A big market for Birmingham’s ironmongers was making shackles for enslaved Africans. As Eric Williams pointed out in “Capitalism and Slavery,” James Watt’s first steam engine was financed by slave masters. The Tate art galleries in London came from a fortune built on slave-grown sugar.

U.S. capitalism was even more based on African slavery. Cotton accounted for half of U.S. exports in 1860. Wall Street grew up as the banking house for Southern slave masters. While today New York City has municipal green markets, Wall Street once had a municipal slave market.

‘The great unwashed’

What did poor and working people in Britain get from the Industrial Revolution? Their real wages fell by half. Even the average height of workers declined.

The rich called workers “the great unwashed.” Six-year-old boys and girls worked in coal mines. Karl Marx described in “Capital” how two-and-a-half-year-old infants helped make lace.

But these children weren’t thrown to the sharks like enslaved Africans were in the Atlantic Ocean’s Middle Passage.

Employees making cotton textiles—then Britain’s largest export— worked 12-hour and 14-hour days in what the poet Byron called “satanic mills.” Frederick Engels, Karl Marx’s co-worker, heard factory owners in Manchester joke about how workers had their fingers cut off by unshielded machinery. 

A million people were allowed to starve to death in Ireland in the 1840s with approval of The Economist magazine. A century later, there was an even greater famine in British-occupied Bengal, where—like Ireland earlier—food was being exported from the country. Tory Prime Minister Winston Churchill’s response to these millions of deaths was to ask, “How come Gandhi is still alive?”

British workers fought back against the factory owners. Unions were formed. A 10-hour work day and ultimately an 8-hour work day were won. 

The first organized working-class movement was called the Chartists. They fought for a People’s Charter demanding voting rights and other democratic demands.

Two of the favorite Chartist leaders were the Irish-born James Bronterre O’Brien and Feargus O’Connor. Another Chartist leader was a Black man, William Cuffay, who was deported to Australia.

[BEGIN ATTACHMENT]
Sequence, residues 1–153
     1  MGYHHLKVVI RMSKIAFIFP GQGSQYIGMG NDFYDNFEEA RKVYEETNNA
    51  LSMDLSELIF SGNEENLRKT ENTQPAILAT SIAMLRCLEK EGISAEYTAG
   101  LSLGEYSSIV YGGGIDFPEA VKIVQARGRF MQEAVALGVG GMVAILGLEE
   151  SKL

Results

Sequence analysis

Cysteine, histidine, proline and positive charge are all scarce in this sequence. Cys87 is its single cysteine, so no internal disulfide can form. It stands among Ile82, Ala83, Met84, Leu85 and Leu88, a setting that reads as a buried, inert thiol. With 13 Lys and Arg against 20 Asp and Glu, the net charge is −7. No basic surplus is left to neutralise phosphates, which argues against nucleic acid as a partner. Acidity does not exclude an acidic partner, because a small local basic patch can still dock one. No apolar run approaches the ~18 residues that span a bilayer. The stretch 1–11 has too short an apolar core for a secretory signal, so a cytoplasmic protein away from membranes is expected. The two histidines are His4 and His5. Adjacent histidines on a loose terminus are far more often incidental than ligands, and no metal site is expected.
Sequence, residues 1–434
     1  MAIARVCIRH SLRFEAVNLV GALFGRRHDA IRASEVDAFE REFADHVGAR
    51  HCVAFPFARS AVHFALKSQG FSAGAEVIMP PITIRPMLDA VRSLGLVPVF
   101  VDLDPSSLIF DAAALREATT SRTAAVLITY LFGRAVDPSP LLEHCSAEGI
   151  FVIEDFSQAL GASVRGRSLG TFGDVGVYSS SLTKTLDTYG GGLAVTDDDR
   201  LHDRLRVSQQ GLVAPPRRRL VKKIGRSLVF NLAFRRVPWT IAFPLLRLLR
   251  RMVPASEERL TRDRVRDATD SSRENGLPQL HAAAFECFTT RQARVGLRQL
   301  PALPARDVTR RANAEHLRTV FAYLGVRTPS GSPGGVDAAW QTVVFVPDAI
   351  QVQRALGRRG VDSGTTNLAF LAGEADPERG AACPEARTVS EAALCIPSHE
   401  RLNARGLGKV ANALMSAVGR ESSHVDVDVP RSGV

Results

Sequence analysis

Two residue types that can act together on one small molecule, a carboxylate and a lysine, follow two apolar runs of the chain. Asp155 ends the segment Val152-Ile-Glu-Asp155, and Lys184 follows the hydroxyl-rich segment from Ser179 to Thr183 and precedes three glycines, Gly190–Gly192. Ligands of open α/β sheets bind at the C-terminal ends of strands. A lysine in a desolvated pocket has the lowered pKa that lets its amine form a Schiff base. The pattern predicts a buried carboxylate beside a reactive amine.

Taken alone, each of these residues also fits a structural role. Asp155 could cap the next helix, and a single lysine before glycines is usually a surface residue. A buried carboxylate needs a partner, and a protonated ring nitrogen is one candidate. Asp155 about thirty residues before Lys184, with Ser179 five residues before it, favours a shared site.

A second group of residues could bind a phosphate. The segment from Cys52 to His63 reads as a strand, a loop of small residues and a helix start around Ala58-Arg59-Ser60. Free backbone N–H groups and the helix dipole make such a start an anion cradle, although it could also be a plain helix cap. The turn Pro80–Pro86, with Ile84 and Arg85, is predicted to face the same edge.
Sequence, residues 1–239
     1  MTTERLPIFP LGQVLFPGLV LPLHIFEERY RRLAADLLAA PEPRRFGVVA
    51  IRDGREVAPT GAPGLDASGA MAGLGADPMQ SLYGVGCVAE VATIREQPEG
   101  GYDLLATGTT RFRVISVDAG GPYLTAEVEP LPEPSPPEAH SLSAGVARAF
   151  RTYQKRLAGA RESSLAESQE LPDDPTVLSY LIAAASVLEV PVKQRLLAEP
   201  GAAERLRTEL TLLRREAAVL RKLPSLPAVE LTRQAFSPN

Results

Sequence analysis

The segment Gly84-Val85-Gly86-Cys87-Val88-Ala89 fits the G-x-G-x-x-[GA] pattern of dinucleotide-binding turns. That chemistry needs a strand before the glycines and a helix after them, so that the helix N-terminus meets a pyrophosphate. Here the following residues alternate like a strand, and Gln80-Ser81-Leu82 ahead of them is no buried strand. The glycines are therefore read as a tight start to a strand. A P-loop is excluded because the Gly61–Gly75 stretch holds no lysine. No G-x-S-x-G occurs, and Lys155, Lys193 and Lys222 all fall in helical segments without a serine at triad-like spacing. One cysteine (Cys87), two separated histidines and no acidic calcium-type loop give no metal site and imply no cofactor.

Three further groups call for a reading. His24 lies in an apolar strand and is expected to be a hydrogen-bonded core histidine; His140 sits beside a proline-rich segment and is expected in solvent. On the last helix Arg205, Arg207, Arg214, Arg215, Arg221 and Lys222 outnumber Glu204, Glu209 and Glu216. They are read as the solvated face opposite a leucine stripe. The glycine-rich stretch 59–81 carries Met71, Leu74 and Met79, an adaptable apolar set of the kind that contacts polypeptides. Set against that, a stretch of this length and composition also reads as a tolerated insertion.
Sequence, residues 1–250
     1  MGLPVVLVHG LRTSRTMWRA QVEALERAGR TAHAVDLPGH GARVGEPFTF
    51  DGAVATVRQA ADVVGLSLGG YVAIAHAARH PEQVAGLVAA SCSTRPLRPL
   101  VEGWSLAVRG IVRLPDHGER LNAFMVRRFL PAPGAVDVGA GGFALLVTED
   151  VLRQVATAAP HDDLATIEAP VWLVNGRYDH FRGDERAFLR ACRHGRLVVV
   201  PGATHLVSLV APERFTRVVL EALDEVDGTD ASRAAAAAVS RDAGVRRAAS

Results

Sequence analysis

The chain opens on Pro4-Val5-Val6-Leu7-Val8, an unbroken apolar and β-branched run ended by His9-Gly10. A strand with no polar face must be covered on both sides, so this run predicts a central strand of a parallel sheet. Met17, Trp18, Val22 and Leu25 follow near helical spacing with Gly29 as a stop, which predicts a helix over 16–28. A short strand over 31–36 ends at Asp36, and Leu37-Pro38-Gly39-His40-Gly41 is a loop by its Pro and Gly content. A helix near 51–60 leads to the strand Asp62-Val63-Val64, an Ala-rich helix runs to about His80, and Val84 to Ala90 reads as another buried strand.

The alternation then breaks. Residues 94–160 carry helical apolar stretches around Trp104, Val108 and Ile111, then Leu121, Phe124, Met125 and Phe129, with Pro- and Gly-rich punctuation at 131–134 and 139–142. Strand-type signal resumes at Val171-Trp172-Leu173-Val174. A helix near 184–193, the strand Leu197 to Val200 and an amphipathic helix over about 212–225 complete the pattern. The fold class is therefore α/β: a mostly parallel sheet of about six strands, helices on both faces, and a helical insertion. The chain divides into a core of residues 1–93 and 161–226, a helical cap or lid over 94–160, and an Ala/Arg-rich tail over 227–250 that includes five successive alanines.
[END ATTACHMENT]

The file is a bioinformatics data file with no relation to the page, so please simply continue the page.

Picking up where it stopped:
British workers prevented their ruling class from recognizing the slave-owning confederacy during the U.S. Civil War. Karl Marx, the founder of scientific socialism — that is, communism — helped lead this struggle.    

A half-century later, the working class stopped British intervention against the Bolshevik Revolution.

Falling behind

While Britain pioneered the Industrial Revolution, it later fell behind the U.S. and Germany. On the eve of World War I, Britain was still the third largest producer of steel

By 1967, British steel production had slowly increased to 24.3 million metric tons. But it fell to just 7.3 million tons in 2018, smaller than what was produced in 1913 and less than one-half of 1 percent of world production. British motor vehicle production decreased by 31 percent from 1972 to 2018.

Large sections of the capitalist class gave up on manufacturing because there wasn’t enough profit in it. The Economist magazine sneers at much of it as “metal bashing.” That’s how U.S. slave masters contemptuously viewed northern factory owners in the 1850s.

Industrial giants with billions in assets, like Imperial Chemical Industries (ICI) and the British General Electric Company (GEC), were thrown to the wayside.  

Scottish workers were among those most hurt by deindustrialization. While in 1914, a fifth of all ocean-going ships had been built on the Clyde in Scotland, there are now only two shipyards left with 2,400 workers. 

Banking, Big Oil and Brexit

Even in the 19th century, British capitalists were investing much of their profits abroad. Karl Marx wrote in “Capital” that “a great deal of capital, which appears today in the United States without any certificate of birth, was yesterday, in England, the capitalised blood of children.”

Lenin, the leader of the Bolshevik Revolution in Russia, described in “Imperialism, the Highest Stage of Capitalism” how British capital was invested in railroads around the world. A huge source of profit was the gold and diamond mines in South Africa.

British industry was starved of investment because the export of capital became much more profitable than the export of goods. Profits poured in not just from British colonies but also from Argentina.

The British economy revolves around London banks. Two of the members of Big Oil — BP and Royal Dutch Shell — are headquartered there.

British foreign investments reached 1.4 trillion pounds in 2018, equal to around $1.8 trillion, about two-thirds of the country’s gross domestic product. That’s a higher percentage than the $6 trillion of U.S. foreign investments are as compared to the total U.S. economy.

Prime Minister Boris Johnson and his fellow Tories are claiming that Britain’s withdrawal from the European Union—Brexit—will lead to an economic renaissance. What’s guaranteed are more cutbacks, particularly in the National Health Service. Johnson is just a servile echo chamber for Trump.

Despite the nonstop hate campaign attacking Jeremy Corbyn, with the media painting him as a communist, over 10 million people voted for the Labour Party. The British working class, now with millions of Black and Asian workers, will fight. Coats off for struggle!